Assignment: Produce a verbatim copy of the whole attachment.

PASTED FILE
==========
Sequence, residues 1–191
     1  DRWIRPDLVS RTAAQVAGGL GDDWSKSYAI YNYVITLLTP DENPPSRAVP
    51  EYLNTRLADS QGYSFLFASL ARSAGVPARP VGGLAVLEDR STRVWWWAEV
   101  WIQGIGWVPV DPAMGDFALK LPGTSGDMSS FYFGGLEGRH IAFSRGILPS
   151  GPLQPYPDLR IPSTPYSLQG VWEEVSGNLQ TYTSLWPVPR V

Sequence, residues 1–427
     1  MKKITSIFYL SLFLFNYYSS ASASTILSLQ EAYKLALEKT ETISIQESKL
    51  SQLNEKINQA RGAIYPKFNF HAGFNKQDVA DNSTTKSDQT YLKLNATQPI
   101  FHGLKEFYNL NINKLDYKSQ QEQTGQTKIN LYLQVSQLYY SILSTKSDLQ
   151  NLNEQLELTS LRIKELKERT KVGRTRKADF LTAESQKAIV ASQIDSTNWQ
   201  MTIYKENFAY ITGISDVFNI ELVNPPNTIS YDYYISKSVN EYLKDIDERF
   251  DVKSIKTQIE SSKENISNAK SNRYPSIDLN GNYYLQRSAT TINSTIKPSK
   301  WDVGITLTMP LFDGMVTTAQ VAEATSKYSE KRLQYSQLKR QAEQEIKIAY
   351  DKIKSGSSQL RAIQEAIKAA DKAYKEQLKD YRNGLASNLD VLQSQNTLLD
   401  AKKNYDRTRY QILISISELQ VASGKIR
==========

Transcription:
Sequence, residues 1–191
     1  DRWIRPDLVS RTAAQVAGGL GDDWSKSYAI YNYVITLLTP DENPPSRAVP
    51  EYLNTRLADS QGYSFLFASL ARSAGVPARP VGGLAVLEDR STRVWWWAEV
   101  WIQGIGWVPV DPAMGDFALK LPGTSGDMSS FYFGGLEGRH IAFSRGILPS
   151  GPLQPYPDLR IPSTPYSLQG VWEEVSGNLQ TYTSLWPVPR V

Sequence, residues 1–427
     1  MKKITSIFYL SLFLFNYYSS ASASTILSLQ EAYKLALEKT ETISIQESKL
    51  SQLNEKINQA RGAIYPKFNF HAGFNKQDVA DNSTTKSDQT YLKLNATQPI
   101  FHGLKEFYNL NINKLDYKSQ QEQTGQTKIN LYLQVSQLYY SILSTKSDLQ
   151  NLNEQLELTS LRIKELKERT KVGRTRKADF LTAESQKAIV ASQIDSTNWQ
   201  MTIYKENFAY ITGISDVFNI ELVNPPNTIS YDYYISKSVN EYLKDIDERF
   251  DVKSIKTQIE SSKENISNAK SNRYPSIDLN GNYYLQRSAT TINSTIKPSK
   301  WDVGITLTMP LFDGMVTTAQ VAEATSKYSE KRLQYSQLKR QAEQEIKIAY
   351  DKIKSGSSQL RAIQEAIKAA DKAYKEQLKD YRNGLASNLD VLQSQNTLLD
   401  AKKNYDRTRY QILISISELQ VASGKIR